Overall, out of the top five manufacturers, three of them come from the country with the capital in Beijing. It’s an interesting change in the dynamics. Up until recently, when you thought of a Chinese smartphone brand, you thought of Huawei. The ban issued by the American president in May 2019 had a lot of influence over the company’s market share. It took a while since we saw a drop, but it finally came in the 3rd quarter or 2020. Another noteworthy aspect is Apple’s third place is threatened with Oppo and Vivo approaching the Californian company’s market share.
Japanese research group breaks the world internet speed record
The new record established last week of 319 terabits per second (Tb/s) is almost twice as fast as the former record of 178 Tb/s. In their experiment, they managed to achieve the speed whilst sending data over an impressive distance of 3,001 kilometers.
What allowed the team to break the record was the new internal structure of the cable, which was made of four glass “tubes” on the inside while amplifiers were “doped in either thulium or erbium”. Additionally, every 70 km there was a booster present which made everything possible.
Interestingly, the internal structure of this record cable fits inside conventional cable housing. What this means is that we could potentially find these new cables in our houses, though don’t expect to get speeds anywhere close to the record, at least not in the foreseeable future.
Will Netflix Be The Next Big Name In Gaming?
Netflix, possibly the most popular streaming service in the world, announced that it will expand into video games, in its letter to investors. The move can be seen as a gradual shift into overall interactive content after a series of movies which were exploring the area, such as “Black Mirror: Bandersnatch.” In fact, in 2019, the company’s co-CEO Reed Hastings admitted that the company is not competing with HBO too much. The biggest competition was… Fortnite.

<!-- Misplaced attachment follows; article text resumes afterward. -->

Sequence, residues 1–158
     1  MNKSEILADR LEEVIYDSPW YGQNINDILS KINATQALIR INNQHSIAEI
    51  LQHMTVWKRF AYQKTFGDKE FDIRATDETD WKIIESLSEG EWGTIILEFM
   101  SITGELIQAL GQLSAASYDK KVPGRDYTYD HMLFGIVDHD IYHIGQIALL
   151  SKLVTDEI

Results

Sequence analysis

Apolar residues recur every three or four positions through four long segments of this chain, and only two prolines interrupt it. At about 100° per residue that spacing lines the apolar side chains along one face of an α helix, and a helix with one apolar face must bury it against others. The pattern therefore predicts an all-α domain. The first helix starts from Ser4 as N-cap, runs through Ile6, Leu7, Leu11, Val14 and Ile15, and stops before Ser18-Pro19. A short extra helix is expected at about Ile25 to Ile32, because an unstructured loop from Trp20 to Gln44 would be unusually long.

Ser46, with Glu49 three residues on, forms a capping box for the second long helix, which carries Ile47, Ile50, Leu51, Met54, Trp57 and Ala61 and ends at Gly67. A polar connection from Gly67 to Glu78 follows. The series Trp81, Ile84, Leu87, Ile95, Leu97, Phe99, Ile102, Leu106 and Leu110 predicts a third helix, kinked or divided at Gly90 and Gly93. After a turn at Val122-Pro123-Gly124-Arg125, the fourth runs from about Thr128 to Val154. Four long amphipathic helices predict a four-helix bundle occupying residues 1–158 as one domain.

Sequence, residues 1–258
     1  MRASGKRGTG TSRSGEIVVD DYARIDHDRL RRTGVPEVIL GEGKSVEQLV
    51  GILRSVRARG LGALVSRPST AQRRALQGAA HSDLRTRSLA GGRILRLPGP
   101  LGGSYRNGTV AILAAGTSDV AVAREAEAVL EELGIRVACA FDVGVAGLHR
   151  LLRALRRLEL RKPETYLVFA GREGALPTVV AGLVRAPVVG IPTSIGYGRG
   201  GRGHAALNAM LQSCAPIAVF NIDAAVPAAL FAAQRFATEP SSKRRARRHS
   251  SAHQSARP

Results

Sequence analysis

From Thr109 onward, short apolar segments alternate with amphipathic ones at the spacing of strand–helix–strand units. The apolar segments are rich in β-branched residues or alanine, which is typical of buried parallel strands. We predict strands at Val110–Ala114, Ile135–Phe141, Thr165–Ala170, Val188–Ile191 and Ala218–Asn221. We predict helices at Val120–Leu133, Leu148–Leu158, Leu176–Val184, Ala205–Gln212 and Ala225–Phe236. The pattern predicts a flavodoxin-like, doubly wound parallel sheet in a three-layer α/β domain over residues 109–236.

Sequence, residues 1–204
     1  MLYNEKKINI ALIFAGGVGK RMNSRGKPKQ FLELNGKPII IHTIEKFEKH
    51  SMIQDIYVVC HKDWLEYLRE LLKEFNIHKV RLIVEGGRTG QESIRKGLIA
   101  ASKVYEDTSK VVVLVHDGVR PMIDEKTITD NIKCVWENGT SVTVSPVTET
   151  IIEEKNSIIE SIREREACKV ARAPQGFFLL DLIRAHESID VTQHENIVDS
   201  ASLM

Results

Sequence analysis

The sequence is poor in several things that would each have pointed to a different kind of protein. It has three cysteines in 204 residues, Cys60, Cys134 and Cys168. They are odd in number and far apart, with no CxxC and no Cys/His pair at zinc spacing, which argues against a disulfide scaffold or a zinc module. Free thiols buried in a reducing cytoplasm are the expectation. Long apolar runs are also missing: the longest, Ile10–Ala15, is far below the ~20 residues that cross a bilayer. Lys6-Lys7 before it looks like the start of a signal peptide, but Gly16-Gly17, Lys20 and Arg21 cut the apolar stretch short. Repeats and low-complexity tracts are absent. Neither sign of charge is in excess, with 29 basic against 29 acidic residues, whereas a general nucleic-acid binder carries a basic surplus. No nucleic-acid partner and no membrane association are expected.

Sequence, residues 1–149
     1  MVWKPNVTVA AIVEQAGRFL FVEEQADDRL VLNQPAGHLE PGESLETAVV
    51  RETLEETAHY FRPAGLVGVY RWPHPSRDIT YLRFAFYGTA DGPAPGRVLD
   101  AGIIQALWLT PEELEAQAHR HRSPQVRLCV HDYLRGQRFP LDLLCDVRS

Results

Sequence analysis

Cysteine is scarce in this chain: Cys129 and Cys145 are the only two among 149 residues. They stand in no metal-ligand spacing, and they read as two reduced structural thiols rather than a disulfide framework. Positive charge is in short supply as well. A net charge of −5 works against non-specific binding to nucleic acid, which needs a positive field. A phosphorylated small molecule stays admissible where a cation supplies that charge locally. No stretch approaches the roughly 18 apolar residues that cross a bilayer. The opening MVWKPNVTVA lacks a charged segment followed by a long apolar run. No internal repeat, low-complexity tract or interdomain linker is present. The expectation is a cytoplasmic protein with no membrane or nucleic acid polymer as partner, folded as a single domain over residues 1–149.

The first games will be made for mobile phones, and will be available free of charge for Netflix subscribers. It was not revealed whether all tiers will include video games, or only some of them. The approach is more or less similar to Microsoft’s Game Pass, where a wide catalog of games is available to play and download as long as you’re subscribed.
Your Right To Repair
It comes as no surprise that devices are hard to repair, and break rather easily. The newest development in the matter comes from the United States. The Federal Trade Commission (FTC), an American regulatory body, unanimously voted to enforce laws around the Right to Repair.
What is the “Right to Repair” exactly? It’s a law that allows owners of products (e.g. smartphones) to repair their own devices without needing to exclusively go to the manufacturer for these repairs. What this means in practice for customers is that they will have access “to the tools, documentation and software required to fix the products they own.” The law applies not only to smartphones, but also to cars and, or tractors. In general, electronic and automotive devices will be covered under the law.
The commission was not particularly content with the practice to restrict repairs performed by third parties (e.g. repair shops which were not owned by the manufacturer). Furthermore, the FTC stated it would “investigate repair restrictions both as potential violations of antitrust laws and from a consumer protection angle”.
Originally published at https://www.itmagination.com.